Russian defence minister admits Kremlin has info warfare troops 23.02.2017 14:06 Russian Defence Minister Sergei Shoigu has said the country has set up a new branch of its military – information warfare troops.
News agencies reported that this is the first time the Russian authorities have acknowledged the existence of such soldiers.
Speaking to parliament on Wednesday, Shoigu was asked about the need to relaunch a counter-propaganda institution. He said that Russia already has information warfare troops.
The minister also said the troops are “more efficient” than the Soviet era counter-propaganda bureau.
The Russian RBK website quoted Frants Klintsevich, first deputy chairman of the Russian Federation Council's Committee on Defence and Security, as saying that the branch had been created “recently”.
“There are experts who expose [foreign] sabotage in electronic, paper and television media," he said. According to Klintsevich, such troops are also tasked with countering cyber-attacks.
Yury Baluyevsky, former First Deputy Minister of Defence and ex-Chief of the General Staff of the Armed Forces of the Russian Federation, was quoted by the RIA Novosti agency as saying that winning the information war in the current world situation might be more important than winning a traditional war.
He added: “Today, the information confrontation is pivotal, a war is ongoing for people’s minds.” According to Baluyevsky, winning the information war results in “paralyzing all of the enemy’s state organs of power”.
The previous US government accused Russia of cyber attacks during last year’s presidential elections in America.
At the beginning of January, during a Senate hearing, US intelligence services chiefs said that Russia poses a serious cyber threat to the US, adding that it had interfered with the elections aiming to increase Donald Trump’s chances of winning against Democratic contender Hillary Clinton.
The Kremlin has rejected accusations of manipulating the US elections.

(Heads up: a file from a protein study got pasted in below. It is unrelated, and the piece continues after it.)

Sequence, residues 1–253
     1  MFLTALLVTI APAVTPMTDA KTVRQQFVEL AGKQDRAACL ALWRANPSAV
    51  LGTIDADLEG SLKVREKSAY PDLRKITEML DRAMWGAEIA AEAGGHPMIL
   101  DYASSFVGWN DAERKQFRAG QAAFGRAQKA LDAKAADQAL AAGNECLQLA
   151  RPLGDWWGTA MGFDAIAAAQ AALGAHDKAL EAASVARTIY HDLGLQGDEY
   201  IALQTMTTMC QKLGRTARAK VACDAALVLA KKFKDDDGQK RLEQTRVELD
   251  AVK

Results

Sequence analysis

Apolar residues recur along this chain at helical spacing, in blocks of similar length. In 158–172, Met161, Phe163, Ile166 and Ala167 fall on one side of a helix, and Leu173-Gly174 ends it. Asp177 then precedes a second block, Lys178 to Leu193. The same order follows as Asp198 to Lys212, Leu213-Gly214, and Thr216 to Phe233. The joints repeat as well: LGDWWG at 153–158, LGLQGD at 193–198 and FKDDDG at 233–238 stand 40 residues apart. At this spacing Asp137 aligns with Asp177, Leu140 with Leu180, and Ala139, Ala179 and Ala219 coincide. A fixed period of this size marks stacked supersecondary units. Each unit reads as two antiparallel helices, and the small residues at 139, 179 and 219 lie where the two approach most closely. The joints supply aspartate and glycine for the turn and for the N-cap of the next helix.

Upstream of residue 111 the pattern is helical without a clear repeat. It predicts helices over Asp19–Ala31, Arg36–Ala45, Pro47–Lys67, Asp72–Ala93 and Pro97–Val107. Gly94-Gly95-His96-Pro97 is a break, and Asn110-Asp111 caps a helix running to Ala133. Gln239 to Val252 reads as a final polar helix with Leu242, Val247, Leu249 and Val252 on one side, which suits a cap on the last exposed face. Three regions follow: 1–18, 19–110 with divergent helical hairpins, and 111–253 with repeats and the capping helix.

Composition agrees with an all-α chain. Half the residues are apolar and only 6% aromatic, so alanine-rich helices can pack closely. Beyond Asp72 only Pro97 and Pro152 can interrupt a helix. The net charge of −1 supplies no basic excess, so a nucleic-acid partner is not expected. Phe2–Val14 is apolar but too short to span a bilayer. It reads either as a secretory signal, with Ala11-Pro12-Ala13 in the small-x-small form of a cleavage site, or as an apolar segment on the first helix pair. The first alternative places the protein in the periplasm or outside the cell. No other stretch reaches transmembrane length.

Russian propaganda discussed in Warsaw 29.03.2017 13:06 The issue of Russian propaganda in Central and Eastern Europe and the resulting threats was debated at the War Studies University in Warsaw.
The main organiser of the conference was Dr. Jerzy Targalski, a political scientist and historian, head of the Post-Soviet Sphere Research Centre at the University.
Opening the conference, Targalski said that Russian propaganda activities have spread to the countries of the former Soviet bloc.
He added that the Kremlin is currently investing more in information warfare and is giving it greater importance than traditional methods of waging wars.
“It just has a better rate of return, it is more effective,” Targalski told Polskie Radio.
Meanwhile, Viljar Veebel from the Estonian National Defense Academy, told the niezalezna website: “When you are being attacked, you exchange roles and go into offensive mode. We are still waiting, and Russians are constantly attacking. In certain situations, if you skip the first move, you will not have another one”.
During the lecture you mentioned that in the information war with Russia we are still a ‘responsive party’ and the time has come to go on the offensive. The problem is that in Poland, if someone talks about offensive actions against Russia, one is immediately excluded from public debate and is hailed as ‘a lunatic’ or a ‘russophobe’. Why is this happening?
Viljar Veebel: This involves, among other issues, the promotion system in the civil service. The situation in Estonia is similar to that in Poland. Government officials are convinced that they will be promoted if they do not make a mistake. And he who does nothing does not make mistakes. Therefore, if I see a Russian attack, I do not react and I hope someone else will deal with it. This is old thinking. In the current system we do not reward people who fight. We should change this thinking paradigm where action should be valued, and if someone breaks the rules he must bear the consequences. At this moment, cowards are promoted more than those who are active and are not afraid to fight.
Second, we must get rid of the thought that playing chess is bad. Normally, when you are being attacked, you exchange roles and go into offensive mode. We are still waiting, and Russians are attacking. In certain situations, if you skip the first move, you will not have another one.
Looking at the length of Estonia's borders with Russia, and that of Poland with Russia, we do not have the luxury of waiting for an attack. It is as if a heavyweight athlete beat a child. For us, the only thing that we can do is to change the target, dodge and attack immediately. As long as Putin is in power, there is no hope that Russia will stop. We must realise that [Russia’s] ultimate goal is to hit us.